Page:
Monitoring the Lee, Ling case in North Korea

By Bob Dietz/Asia Program Coordinator on June 5, 2009 5:13 PM ET

I've been staying up nights waiting for news on journalists Euna Lee and Laura Ling, who are detained and facing trial in North Korea. The government in Pyongyang, through its official Korean Central News Agency, posted this terse item on Thursday: "The Central Court of the DPRK will start a trial of American journalists Laura Ling and Seung-eun Lee from 3 p.m. Thursday on the basis of the indictment already brought against them." (Seung-eun is Euna's name in Korean.) The people I've been in touch with in Seoul--journalists working for Western news agencies, Korean journalists, and one government contact--don't know much more. 

My sources say they're scrambling for information as much as everyone else. The U.S. State Department has put a lid on press comments except for the most innocuous and reassuring statements. The Swedish ambassador, who has acted as a go-between in Pyongyang, has conducted himself with diplomatic discretion, and the Swedish government has shared only basic information. Analysts and academics offer a wide range of opinion. The Democratic Peoples Republic of Korea (DPRK) personnel at the United Nations have not answered my phone calls.

Here's what we can say with a fair degree of accuracy: The women are being held in a government guest house outside of Pyongyang. In letters and phone calls to their families, and according to the Swedish government, they are comfortable and not being physically abused, although they are not free to leave and cannot see each other. As of this posting, the status of their trial on charges of illegally entering the DPRK and unspecified "hostile acts" is entirely unclear. It remains uncertain what happened on March 17, when they were arrested near the Tumen River. The only American witness, Current TV producer Mitchell Koss who has since returned to the United States, is not speaking publicly. Neither are other Current TV staffers.

Before the women left the United States to work on a story about North Korean refugees living in China, they told their families they had no intention of crossing into North Korea itself. The families have apologized if, in fact, the pair did cross the border. The Tumen River forms a surprisingly porous border with China.

Their innocence or guilt might be a side issue in determining their fate. Ling's sister, the journalist Lisa Ling, said that when Laura spoke to her by phone (and everyone assumes calls are closely monitored) she stated clearly that the only way they would be released is if the United States and North Korea spoke directly, one-on-one--a longstanding DPRK demand. The United States has never met that demand, always dealing jointly with South and North Korea or in the context of the Six-Party Talks started under the first Bush administration.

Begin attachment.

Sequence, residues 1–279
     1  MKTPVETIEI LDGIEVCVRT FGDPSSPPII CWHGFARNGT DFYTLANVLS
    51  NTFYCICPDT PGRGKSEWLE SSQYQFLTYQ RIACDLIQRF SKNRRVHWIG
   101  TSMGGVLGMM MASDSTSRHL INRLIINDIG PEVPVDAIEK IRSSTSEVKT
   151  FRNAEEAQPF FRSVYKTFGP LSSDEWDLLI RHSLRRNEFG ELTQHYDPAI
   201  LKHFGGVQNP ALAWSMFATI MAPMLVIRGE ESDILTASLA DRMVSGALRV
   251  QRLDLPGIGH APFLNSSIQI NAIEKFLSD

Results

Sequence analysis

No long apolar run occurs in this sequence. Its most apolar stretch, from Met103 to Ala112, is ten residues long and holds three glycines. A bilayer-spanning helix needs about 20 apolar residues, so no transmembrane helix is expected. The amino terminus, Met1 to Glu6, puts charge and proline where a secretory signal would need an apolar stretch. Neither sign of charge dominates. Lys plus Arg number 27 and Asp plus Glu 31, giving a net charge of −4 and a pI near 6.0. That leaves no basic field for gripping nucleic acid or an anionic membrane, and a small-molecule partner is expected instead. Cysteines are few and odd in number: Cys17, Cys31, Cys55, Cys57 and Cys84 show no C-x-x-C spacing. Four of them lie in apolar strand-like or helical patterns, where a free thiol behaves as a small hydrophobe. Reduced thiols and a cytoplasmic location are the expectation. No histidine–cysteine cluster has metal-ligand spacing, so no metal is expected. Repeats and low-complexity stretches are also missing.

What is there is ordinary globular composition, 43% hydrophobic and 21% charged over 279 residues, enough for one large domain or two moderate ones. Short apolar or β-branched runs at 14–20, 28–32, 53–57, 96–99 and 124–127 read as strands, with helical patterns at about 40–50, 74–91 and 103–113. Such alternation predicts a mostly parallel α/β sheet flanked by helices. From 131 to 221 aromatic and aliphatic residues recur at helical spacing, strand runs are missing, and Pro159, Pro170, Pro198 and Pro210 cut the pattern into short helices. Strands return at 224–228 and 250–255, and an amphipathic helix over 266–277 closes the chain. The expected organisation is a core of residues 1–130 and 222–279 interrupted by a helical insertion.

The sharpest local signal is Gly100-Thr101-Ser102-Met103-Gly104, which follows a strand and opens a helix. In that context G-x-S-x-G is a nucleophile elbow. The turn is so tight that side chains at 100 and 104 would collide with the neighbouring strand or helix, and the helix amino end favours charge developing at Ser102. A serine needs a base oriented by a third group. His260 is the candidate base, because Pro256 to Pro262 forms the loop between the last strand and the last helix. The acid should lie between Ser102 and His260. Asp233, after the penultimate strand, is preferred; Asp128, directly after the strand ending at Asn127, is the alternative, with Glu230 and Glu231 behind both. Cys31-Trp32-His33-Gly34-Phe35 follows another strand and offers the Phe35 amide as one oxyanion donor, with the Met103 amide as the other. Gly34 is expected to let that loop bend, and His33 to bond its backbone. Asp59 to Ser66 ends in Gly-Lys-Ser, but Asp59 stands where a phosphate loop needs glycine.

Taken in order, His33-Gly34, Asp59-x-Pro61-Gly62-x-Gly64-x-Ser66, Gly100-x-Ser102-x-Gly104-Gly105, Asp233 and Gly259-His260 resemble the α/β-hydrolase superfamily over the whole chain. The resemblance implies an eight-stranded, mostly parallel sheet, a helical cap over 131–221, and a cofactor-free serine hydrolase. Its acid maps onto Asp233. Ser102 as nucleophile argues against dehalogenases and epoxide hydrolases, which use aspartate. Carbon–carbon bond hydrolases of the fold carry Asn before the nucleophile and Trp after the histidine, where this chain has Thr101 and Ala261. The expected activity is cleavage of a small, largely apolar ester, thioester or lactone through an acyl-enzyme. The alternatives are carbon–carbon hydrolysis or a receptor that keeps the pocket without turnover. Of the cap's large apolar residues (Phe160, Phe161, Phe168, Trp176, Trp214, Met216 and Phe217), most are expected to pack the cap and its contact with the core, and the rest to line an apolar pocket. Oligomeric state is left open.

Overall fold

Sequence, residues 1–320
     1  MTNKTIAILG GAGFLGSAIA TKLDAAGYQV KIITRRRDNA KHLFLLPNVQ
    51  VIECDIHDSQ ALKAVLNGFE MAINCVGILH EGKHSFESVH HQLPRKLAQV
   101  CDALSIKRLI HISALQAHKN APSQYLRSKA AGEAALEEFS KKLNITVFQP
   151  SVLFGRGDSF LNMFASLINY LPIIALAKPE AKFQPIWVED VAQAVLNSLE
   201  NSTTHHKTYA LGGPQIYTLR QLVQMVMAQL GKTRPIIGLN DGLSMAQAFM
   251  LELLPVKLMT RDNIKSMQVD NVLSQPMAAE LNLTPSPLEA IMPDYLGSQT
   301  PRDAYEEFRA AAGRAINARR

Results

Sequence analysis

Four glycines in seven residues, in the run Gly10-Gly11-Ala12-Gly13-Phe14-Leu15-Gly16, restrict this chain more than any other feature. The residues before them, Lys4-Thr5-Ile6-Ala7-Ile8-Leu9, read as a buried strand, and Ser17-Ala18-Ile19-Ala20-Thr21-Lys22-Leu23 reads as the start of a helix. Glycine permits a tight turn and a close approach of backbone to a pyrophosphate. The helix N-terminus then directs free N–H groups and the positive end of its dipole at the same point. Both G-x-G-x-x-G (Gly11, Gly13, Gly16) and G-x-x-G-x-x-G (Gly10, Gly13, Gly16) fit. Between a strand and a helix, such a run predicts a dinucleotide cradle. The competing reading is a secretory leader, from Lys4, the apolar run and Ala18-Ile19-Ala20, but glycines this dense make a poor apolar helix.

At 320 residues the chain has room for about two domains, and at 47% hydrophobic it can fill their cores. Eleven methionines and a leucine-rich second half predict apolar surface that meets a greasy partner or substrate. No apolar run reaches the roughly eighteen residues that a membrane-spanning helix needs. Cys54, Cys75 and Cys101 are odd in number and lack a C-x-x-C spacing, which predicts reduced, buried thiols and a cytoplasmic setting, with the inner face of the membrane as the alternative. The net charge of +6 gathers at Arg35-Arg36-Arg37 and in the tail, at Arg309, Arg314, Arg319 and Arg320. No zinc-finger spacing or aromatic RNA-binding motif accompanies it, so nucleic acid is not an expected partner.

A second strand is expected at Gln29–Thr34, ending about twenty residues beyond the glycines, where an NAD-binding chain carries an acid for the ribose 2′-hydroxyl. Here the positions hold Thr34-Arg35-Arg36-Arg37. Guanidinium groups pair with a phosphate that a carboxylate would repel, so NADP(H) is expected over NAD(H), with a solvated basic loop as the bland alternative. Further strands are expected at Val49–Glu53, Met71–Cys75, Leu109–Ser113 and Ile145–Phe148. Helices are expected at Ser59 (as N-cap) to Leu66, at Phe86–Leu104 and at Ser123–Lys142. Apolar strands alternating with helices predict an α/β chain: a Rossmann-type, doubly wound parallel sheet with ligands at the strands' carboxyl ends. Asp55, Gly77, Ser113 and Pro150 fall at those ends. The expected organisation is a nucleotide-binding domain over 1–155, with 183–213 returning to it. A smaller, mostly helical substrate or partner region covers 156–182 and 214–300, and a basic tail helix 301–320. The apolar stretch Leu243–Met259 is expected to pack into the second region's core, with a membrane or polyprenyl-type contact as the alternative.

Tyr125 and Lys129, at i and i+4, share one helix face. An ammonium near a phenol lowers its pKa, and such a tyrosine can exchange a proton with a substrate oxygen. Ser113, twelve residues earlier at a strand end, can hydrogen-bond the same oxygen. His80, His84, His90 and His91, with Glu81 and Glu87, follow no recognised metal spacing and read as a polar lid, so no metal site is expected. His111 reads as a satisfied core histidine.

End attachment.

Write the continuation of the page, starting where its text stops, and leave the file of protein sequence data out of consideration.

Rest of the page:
What has worked in the past is for a prominent American figure to travel to Pyongyang to speak with the DPRK. Bill Richardson, the former congressman and current New Mexico governor, is a prime example: In November 1996, he won the release of Evan Hunziker, an American who swam across the Yalu River into North Korea.

The challenge for the State Department is to carry off something similar and do it in as short a time period as possible for the benefit of Lee, Ling, and their families. North Korea's leadership is in a tenuous period of transition in which Kim Jong-il's youngest son, Kim Jong-un, appears to be groomed for succession. Most of the analysts I've been speaking with read the recent spate of nuclear tests and missile launches as part of that succession process.

Lee and Ling are caught up in this political situation. It would be wonderful if North Korea and the United States, and all the others involved in those Six-Party Talks (China, Japan, Russia, and South Korea) could agree that the fate of two reporters, who were pursuing a tough story in the best traditions of journalism, transcended decades of hostility and inertia and joined to get them released.

In Oslo this week, at a meeting of the  International Freedom of Expression Exchange,  CPJ enlisted 40 media rights organizations  to sign on to such a proposal.

And there's a step you can take. Here's a Facebook page--Detained In North Korea : Journalist Laura Ling and Euna Lee, please help--that is being used to organize efforts on behalf of the two women. The families fully back the effort and finds the public support reassuring.